EK: Yes. We now have many younger people in the KPÖ. In Salzburg, for example, we have a great political talent in Kay-Michael Dankl, who made it into the city council at his first attempt. For us, it has always been crucial to get out of the isolation, to be a party that is open and capable of forming alliances, to build the party from the bottom up, being grounded in the companies, cities, and communities. I’m glad we’re moving away from a thinking of political centralism. We want people to have their own minds and think for themselves.

LH: In Graz, the city government has not only KPÖ members but also representatives of other parties such as the conservative ÖVP. How important is compromise? What are the risks?

EK: Of course, we have to be considerate since we are in a coalition. But if we were to reach a point where we had to give up our basic positions, then we have to say: “Thank you, that’s it.” Concessions become a problem when people don’t recognize you anymore.

LH: It’s part of left-wing history that people get into office and then give up earlier convictions, adopt realpolitik logics.

EK: That’s something I preach from morning till night. The world doesn’t happen here in our offices. Life is outside. If you take this to heart, you are less likely to become a politician-politician. We constantly do public events where people can tell us anything, even insult us. In the end, it depends on the intuition of the individual politicians, on their sensitivity toward the people. We consider this when we determine our list of candidates. There always has to be a good mix: workers, intellectuals, people from different professions, women and men, people who are from other countries of origin.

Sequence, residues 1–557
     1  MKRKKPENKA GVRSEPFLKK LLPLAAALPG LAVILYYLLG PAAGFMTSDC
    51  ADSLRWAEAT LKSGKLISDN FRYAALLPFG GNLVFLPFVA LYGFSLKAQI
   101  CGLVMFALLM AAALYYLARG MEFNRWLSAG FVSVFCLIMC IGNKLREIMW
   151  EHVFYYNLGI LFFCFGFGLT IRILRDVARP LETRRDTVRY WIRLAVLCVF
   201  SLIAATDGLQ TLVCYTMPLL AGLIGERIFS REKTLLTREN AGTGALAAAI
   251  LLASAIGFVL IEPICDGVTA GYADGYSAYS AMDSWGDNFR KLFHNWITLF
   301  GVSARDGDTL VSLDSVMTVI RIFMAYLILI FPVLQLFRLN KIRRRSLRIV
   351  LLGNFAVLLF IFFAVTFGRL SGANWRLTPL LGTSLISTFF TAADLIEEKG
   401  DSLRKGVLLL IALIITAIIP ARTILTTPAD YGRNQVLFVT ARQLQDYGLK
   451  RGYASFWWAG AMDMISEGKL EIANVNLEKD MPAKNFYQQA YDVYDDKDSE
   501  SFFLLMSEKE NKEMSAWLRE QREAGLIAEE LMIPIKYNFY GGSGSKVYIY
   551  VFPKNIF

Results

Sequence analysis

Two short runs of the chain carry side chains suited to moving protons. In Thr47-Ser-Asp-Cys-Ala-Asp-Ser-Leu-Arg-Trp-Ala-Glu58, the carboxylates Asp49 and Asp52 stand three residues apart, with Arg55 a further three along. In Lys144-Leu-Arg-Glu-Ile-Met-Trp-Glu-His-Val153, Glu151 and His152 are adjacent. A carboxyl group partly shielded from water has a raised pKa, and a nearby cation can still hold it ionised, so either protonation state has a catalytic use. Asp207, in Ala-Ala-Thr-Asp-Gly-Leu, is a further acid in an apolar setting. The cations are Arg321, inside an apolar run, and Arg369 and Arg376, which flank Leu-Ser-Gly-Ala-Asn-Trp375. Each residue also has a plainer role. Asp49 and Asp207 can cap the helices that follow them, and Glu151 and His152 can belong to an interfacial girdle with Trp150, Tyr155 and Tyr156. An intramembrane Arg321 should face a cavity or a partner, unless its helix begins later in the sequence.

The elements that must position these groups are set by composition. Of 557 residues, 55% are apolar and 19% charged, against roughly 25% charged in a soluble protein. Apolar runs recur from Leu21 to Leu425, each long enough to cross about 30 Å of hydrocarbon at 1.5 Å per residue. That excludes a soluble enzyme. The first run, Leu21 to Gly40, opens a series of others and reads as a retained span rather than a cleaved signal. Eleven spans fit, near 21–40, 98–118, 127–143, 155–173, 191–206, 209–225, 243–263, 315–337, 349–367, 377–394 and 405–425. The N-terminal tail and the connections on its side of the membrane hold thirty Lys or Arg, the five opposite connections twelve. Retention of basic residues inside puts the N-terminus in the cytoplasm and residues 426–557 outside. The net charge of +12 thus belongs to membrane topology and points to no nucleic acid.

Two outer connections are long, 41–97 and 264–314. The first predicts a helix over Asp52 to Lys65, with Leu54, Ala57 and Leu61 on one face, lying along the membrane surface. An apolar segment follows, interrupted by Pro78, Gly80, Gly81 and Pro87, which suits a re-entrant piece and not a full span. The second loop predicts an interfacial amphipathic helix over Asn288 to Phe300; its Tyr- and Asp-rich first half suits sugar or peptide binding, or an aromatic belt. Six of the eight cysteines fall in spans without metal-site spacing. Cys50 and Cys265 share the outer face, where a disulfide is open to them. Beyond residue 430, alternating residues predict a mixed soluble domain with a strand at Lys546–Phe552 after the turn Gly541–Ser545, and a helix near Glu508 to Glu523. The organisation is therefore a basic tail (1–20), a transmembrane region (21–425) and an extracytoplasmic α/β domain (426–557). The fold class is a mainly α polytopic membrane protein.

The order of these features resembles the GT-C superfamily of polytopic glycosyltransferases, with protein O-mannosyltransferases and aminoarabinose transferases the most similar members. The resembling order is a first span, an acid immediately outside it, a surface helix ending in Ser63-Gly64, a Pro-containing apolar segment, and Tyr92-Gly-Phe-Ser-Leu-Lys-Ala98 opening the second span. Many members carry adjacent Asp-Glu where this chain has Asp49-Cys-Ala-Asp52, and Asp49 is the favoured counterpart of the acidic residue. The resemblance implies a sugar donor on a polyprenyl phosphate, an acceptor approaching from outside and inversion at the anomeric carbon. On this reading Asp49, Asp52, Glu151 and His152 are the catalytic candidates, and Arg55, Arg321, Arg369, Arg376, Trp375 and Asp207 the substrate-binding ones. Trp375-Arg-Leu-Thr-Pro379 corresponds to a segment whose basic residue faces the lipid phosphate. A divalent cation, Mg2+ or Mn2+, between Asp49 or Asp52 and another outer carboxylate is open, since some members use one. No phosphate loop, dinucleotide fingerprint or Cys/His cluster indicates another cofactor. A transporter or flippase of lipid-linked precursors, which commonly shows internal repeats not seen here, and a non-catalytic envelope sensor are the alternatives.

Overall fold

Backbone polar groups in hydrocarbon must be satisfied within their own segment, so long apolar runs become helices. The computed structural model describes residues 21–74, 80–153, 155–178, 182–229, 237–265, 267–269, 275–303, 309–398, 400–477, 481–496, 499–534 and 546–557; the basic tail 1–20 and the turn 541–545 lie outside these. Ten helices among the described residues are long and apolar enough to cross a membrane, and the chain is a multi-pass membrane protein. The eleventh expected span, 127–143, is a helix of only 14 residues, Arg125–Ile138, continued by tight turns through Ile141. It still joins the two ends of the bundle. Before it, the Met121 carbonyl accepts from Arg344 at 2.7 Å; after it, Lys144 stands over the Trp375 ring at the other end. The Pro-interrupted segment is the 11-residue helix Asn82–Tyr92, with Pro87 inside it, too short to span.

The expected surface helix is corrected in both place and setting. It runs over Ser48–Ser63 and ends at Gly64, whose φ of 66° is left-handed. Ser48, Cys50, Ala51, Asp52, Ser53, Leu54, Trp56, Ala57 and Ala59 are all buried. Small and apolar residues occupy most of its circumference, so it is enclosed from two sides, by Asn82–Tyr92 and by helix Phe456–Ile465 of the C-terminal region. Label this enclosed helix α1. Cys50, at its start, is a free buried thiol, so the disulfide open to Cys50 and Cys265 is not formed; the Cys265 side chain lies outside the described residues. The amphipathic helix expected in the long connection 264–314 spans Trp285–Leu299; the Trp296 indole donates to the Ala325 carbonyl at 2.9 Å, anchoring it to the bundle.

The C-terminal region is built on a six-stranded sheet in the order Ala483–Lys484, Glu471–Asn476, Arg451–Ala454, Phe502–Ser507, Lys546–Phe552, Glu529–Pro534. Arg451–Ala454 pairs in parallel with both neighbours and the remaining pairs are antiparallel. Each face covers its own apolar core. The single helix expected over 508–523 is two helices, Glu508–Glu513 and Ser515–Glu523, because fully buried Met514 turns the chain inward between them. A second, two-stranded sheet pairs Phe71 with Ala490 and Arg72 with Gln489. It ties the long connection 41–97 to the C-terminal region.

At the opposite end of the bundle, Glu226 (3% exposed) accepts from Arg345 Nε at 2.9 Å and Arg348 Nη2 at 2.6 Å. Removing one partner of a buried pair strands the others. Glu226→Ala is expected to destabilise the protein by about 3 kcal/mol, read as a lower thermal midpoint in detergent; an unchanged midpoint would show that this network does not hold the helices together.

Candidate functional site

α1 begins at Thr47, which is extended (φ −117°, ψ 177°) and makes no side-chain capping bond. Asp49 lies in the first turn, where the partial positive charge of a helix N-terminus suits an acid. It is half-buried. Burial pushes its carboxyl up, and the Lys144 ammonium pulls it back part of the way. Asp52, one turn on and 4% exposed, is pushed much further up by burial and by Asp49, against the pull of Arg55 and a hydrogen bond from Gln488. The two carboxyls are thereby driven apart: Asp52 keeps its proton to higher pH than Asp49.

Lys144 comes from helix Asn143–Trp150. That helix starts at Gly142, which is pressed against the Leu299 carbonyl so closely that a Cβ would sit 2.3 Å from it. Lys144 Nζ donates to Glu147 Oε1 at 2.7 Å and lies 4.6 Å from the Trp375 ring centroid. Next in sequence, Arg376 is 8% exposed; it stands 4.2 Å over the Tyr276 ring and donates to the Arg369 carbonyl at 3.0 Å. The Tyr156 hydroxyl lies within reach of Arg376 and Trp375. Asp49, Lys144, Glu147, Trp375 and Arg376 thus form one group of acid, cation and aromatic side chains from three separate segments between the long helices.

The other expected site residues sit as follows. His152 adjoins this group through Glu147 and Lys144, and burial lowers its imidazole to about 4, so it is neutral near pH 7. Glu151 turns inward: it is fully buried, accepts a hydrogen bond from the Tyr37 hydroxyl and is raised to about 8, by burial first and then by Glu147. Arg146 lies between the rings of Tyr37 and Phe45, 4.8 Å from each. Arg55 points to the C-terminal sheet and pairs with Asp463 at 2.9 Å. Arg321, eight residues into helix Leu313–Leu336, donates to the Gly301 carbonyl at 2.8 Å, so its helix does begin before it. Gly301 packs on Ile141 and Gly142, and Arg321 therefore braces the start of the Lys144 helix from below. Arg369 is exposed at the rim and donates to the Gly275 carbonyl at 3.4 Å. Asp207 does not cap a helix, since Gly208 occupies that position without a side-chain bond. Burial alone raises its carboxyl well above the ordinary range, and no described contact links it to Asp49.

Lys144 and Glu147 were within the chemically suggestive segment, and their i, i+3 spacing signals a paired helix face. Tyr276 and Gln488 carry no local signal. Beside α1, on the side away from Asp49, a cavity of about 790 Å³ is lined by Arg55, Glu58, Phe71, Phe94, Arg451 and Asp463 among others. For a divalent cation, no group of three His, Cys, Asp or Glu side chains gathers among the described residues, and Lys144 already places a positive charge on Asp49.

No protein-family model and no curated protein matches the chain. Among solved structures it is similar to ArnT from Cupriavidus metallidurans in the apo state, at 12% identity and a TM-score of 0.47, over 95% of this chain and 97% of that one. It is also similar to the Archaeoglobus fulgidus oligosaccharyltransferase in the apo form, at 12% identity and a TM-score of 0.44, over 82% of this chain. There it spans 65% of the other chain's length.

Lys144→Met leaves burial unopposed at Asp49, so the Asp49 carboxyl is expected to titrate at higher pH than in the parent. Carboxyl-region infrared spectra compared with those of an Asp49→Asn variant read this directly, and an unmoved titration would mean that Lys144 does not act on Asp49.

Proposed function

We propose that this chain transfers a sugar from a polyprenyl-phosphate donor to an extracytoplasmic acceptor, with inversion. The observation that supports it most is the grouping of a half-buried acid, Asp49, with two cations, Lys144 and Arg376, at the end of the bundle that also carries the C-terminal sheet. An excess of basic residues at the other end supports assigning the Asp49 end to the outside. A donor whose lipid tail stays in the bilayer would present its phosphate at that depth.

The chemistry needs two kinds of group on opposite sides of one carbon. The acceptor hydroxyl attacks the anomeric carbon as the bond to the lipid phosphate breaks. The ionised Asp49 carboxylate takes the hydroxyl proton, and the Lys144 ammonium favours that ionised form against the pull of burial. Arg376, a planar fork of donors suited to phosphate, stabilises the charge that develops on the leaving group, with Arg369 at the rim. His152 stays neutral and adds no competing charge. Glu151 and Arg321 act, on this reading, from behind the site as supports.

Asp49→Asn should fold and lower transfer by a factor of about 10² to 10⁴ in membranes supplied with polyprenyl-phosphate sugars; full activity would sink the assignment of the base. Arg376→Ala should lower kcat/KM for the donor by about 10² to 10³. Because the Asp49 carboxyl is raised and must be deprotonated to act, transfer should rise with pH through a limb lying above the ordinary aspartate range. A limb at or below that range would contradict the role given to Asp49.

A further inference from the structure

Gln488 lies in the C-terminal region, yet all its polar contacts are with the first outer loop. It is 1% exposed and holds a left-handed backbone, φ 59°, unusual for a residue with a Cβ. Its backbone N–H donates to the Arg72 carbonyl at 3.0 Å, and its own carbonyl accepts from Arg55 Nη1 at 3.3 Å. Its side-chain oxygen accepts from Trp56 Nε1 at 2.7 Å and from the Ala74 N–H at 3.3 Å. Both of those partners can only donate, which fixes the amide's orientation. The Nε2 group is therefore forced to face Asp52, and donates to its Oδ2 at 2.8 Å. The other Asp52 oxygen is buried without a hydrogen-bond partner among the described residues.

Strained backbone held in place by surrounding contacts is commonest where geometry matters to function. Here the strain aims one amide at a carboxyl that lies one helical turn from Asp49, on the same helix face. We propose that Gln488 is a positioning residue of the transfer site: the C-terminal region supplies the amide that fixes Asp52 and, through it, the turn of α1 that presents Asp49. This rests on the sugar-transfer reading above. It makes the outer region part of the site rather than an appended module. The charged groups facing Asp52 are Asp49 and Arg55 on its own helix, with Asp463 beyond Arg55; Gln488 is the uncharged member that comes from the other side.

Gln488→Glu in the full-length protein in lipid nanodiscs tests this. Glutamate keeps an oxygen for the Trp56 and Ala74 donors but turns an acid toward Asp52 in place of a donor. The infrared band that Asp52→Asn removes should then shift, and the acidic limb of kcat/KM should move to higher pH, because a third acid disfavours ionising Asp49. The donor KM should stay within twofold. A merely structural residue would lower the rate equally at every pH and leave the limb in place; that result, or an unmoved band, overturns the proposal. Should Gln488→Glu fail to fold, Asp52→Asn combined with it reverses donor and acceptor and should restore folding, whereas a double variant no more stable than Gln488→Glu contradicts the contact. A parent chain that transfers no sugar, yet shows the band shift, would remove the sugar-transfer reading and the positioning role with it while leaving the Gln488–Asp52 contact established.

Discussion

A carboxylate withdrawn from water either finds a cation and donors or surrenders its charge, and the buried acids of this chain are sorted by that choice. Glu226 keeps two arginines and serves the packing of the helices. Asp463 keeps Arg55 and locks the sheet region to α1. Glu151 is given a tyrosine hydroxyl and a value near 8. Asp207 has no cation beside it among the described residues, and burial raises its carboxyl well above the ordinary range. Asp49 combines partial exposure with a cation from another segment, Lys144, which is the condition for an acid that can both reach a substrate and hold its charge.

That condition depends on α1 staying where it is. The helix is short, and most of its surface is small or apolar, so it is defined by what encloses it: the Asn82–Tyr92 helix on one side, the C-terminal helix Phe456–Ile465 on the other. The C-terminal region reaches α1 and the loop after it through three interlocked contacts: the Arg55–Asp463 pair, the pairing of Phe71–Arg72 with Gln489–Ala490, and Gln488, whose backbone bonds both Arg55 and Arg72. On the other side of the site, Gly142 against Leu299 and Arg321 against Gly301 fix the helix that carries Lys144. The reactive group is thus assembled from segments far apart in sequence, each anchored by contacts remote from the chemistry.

LH: You mentioned the importance of moving away from centralism. How important, however, is it to also have figureheads?

EK: People vote for people. They have to be able to associate faces and names with a party. This understanding has sometimes caused irritation in the KPÖ, because some people believe that programs are enough. As I said before, the fact that the KPÖ emerged from its isolation is due, above all, to Ernest Kaltenegger, who is not only a great comrade and a good politician, but above all a great person. That is why I want to put more focus on Robert [Robert Krotzer, a 35-year-old KPÖ member, who serves as the head of the Department of Health in the government of Graz] now. I want him to take the reins.

LH: How important is internationalism for you?